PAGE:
Chapter Talk – 32ndSunday of the Year – November 10, 2019 – cycle-C
For the solemnity of All Saints I referred to Thomas Merton who wrote: “to be a saint means to be myself. Therefore, the problem of sanctity and salvation is in fact the problem of finding out who I am and discovering my true self” (New Seeds of Contemplation, p.31). It is interesting that Merton says it is a ‘problem’ to find our true selves! Evidently, he is implying that the process of finding our true selves is difficult. To expand more on this, how do we discover our true self? This self-discovery is a life-time spiritual adventure. As we discover more and more of our true self, how do we live from that self that is centered in Christ? If we turn to Jesus, the ‘key’ to finding our true selves lies in this saying: ‘If any want to become my followers, let them deny themselves and take up their cross and follow me. For those who want to save their life will lose it, and those who lose their life for my sake,…will save it’ (Mk 8:34-35).
This saying is in all three synoptic gospels and it is not easy to understand if we try to understand it through rational categories alone. This saying is a paradox that turns our linear understanding upside down…It includes a cost…a cost that involves suffering. What is the ‘self’ that we are to die to? This question puts us on the long journey of self-discovery. This self that we are to die to brings forth the truer self, the self that is authentic, that manifests the Christ life in a truer, more authentic fuller way. And the outcome is that we feel better about ourselves and we feel close to God, we experience a true freedom of spirit.
Not leaving what I have said so far, have we considered this: when I am not with myself I am not with God? Being with God also means being with our true, authentic selves. Here is what William of St. Thierry says in Meditation #2: “As long as I am with you, I am also with myself; I am no longer myself when I am not with you” (On Contemplating God, p.96). William is meditating on this dialectic: ‘when I am not with God I am not with myself’, and ‘when I am not with myself I am not with God’.
What does it mean ‘to be with myself’? We find some light on this question from a conversation between Gregory the Great and Peter in his The Life of St. Benedict. Gregory tells this story of when Benedict was superior of a community that was living the total opposite of his uprightness. The brothers refused to change their bad habits and attitudes, so they plotted to kill him by poisoning his wine. When the glass of wine was brought to Benedict for the customary blessing, he blessed the wine with the sign of the cross and the glass broke. Benedict instantly knew what happened: he kept his calm and tranquil mind and after praying mercy upon the brothers, he said that his ways did not mesh with theirs and they needed to find another superior. He departed and continued to live alone with himself. Peter, in his dialogue with Gregory then says: “I don’t know what it means to live with oneself” (#4 & #5, p.22). Here is Gregory’s reply to Peter’s question: “If the holy man had wished to dominate long over those plotting against him, who had a very different way of life, it may have exceeded his strength…Worn out by the daily undiscipline, he would have neglected his own soul; he would have lost himself without finding them. For every time we are drawn outside of ourselves by too much mental agitation, we are not ‘with ourselves,’ even though we think we are. Because when we wander here and there, we do not see ourselves” (p.22).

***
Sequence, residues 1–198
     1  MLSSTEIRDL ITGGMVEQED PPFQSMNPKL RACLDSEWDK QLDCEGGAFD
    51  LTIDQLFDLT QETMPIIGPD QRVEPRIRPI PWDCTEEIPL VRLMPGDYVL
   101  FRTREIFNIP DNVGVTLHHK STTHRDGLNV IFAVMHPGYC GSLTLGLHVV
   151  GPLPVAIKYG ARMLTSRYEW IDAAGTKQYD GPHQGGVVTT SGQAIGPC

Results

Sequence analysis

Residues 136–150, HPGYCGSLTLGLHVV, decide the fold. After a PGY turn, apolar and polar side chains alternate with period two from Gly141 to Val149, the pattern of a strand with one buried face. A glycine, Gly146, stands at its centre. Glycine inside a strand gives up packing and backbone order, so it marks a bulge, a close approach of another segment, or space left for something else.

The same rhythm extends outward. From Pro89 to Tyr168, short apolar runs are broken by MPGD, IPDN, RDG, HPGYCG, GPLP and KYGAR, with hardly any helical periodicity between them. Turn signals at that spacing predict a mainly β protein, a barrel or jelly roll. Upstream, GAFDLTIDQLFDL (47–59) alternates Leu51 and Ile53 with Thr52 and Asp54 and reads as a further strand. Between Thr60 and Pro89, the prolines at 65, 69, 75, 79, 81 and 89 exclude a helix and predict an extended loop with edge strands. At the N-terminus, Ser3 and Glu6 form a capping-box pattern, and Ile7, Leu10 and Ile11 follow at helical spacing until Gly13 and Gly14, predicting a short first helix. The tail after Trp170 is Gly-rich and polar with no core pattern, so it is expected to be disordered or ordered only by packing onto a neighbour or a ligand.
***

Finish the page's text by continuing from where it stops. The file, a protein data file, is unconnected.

The first thing that strikes me in this dialogue is that Gregory points to the ‘neglect of one’s soul’. And this can happen to any one of us when we place too much of our energy and focus outside of ourselves. We need time to be ‘alone with ourselves’, to nourish the inner life, to give attention to it for there we meet God in ways that renew us from within, that strengthen us, that expand our horizon and give us perspective to see as God sees…for there we find the true self, which becomes the foundation of all our outer activity, relationships, and choices. There are many indications that tell us when we are not with ourselves. Gregory states one general category: ‘mental agitation’!! I think we all experience this. So, what do we do when we ‘notice’ it? Often, we may not be aware of it and the awareness comes only later when we return to the solitude of the heart.
For the discovery of our true selves, to work out our salvation, it is to notice when I am with myself and when I am not. Grace will be present to help us in the discovery. In these moments we will have the choice to die to the agitation or to act out of it. In either case there is much to learn about ourselves, if we are open. To be with ourselves is to give space for God to be in our lives. There is nothing morally wrong when we find that we are not with ourselves or not living from our true self. This process of self-discovery is a process….we are never finished with it. And we must keep in our memory that to be myself is to be with God. What a gift, what a grace.
William of St. Thierry in Meditation #2 says: “I reckon myself blessed, Lord, and highly blessed, if I feel you with me; but I am wearisome and hateful to myself whenever I perceive that I am not with you” (On Contemplating God, p.89-90). Surely, we all can say these same words as William!